The Sunday Mail
Africa Moyo and Kuda Bwititi
The purchase of the US$70 million fleet of four 777 Boeing aeroplanes for the new Zimbabwe Airways was above board, with Government deliberately not getting the the aircraft for debt-ridden Air Zimbabwe.
Government last Wednesday took delivery of a Boeing 777-200ER jet from Malaysia, which is the first in a fleet of 10 to be managed under a Government special purpose vehicle, Zimbabwe Aviation Leasing Company, which in turn will lease the aircraft to Zim Airways.
Zim Airways is owned by Government and was formed to give Air Zimbabwe time to get find its wings.
A second Boeing has already been paid for in Malaysia and is expected in Zimbabwe soon. In all, Government deposited US$41 million for four 777-200 ER aeroplanes worth US$70 million.
Government, which is restructuring loss-making parastatals, says it would have been unwise to purchase the craft for Air Zimbabwe because it risked losing them to creditors.
In a joint statement last week, Finance and Economic Development Minister Patrick Chinamasa and his Transport and Infrastructure Development counterpart Dr Joram Gumbo said the aviation deal had gone through all necessary processes, including State Procurement Board endorsement in 2016.
“Government also took a decision to lease the planes to third parties up to such a time as Air Zimbabwe develops a credible business plan to run the planes on a sustainable profitable basis,” read part of the statement.
“Accordingly Government decided to lease the planes to a new aircraft firm called Zimbabwe Airways which has already put in place credible plans for the said planes,” the said.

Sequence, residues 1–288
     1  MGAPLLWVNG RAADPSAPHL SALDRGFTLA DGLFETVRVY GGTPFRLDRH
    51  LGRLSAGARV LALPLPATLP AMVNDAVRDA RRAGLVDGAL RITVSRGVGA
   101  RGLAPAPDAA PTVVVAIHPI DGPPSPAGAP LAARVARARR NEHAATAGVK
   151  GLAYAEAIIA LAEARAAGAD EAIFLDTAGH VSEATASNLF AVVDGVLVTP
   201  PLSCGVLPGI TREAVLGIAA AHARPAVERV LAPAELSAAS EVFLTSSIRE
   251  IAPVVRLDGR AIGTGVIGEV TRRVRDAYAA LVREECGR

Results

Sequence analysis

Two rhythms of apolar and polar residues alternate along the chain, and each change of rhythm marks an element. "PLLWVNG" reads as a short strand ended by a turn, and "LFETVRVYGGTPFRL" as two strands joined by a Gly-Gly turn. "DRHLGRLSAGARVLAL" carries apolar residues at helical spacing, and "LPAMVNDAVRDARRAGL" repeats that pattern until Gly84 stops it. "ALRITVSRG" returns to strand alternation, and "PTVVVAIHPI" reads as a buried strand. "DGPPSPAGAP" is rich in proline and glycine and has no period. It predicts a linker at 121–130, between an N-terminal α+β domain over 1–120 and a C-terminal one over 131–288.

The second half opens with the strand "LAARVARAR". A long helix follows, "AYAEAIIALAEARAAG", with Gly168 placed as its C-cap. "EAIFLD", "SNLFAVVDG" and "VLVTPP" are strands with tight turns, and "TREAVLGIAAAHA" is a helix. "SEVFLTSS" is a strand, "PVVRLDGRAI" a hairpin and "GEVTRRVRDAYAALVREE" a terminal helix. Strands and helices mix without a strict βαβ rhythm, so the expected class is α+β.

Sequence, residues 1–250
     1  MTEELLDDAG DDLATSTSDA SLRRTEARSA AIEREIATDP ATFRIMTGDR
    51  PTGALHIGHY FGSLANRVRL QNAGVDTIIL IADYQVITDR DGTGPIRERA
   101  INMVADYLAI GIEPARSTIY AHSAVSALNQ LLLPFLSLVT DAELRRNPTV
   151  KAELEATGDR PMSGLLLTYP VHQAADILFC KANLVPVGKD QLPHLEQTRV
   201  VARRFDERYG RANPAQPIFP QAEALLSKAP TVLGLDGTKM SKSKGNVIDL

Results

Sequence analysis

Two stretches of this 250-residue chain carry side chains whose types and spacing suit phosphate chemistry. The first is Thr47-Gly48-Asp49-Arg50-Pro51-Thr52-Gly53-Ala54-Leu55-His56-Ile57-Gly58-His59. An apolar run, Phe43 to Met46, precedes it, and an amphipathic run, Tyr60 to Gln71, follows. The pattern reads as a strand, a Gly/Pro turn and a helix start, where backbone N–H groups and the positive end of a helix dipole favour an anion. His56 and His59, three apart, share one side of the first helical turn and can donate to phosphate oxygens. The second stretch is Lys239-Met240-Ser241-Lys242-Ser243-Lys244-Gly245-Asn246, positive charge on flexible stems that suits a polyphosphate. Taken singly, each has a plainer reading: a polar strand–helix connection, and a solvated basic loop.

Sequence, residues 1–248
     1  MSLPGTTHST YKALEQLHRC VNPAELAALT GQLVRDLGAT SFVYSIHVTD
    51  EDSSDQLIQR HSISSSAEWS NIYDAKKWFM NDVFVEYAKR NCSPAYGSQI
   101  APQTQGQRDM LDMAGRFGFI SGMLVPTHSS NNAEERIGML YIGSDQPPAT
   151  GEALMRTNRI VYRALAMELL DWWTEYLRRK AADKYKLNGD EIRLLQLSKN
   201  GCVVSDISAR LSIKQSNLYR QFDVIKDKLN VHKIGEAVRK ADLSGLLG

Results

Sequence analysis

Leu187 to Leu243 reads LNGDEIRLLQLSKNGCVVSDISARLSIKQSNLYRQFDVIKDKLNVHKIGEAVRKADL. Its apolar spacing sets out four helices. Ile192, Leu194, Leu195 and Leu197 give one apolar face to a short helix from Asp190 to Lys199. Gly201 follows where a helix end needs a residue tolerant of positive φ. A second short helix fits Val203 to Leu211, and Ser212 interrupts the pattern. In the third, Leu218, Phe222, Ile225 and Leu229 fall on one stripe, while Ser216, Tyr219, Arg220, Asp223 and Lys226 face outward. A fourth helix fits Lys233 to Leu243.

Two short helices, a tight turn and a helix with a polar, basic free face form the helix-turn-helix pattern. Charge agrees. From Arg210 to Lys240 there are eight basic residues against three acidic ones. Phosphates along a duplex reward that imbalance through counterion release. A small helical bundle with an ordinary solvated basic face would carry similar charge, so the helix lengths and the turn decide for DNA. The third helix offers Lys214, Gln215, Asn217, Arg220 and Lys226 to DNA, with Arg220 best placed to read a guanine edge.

In an interview with The Sunday Mail on Friday, Reserve Bank of Zimbabwe Governor Dr John Mangudya confirmed Government had bought the planes.
“The fact of the matter is that the planes were bought for Government and I can confirm that RBZ processed the payments. There was nothing amiss and everything was done above board.” Earlier in the week, Minister Chinamasa cast aspersions on Air Zimbabwe management, and indicated Government would withhold funding to the national airline until it demonstrated capacity to turn around operations following years of loss-making.
“We have been discussing at length what we can do to turn around the fortunes of Air Zimbabwe, which currently is on its knees.
“We pondered over options and it became clear to me that we could not put more resources into a bottomless pit because that would not serve the purpose that we wanted; a strong airline to service the interests of the country, to bring in forex, to bring in businesspeople, to increase and help revive the economic fortunes of the country.”
Government has been looking for technical partners to bail out the national flag carrier, but Air Zimbabwe’s US$330 million debt makes it unattractive to investors.
Last week, Air Zimbabwe head of corporate services Mr Tafadzwa Mazonde told The Sunday Mail they had crafted a strategic turnaround plan (2018 and 2020).
Air Zimbabwe intends to use the Embraer ERJ 145 aircraft in the operationalisation of the “hub and spoke network”, which anchors the plan.
“The smaller Embraer aircraft will be used on the domestic and regional routes while the bigger aircraft will ply the long-haul inter-continental flights,” said Mr Mazonde.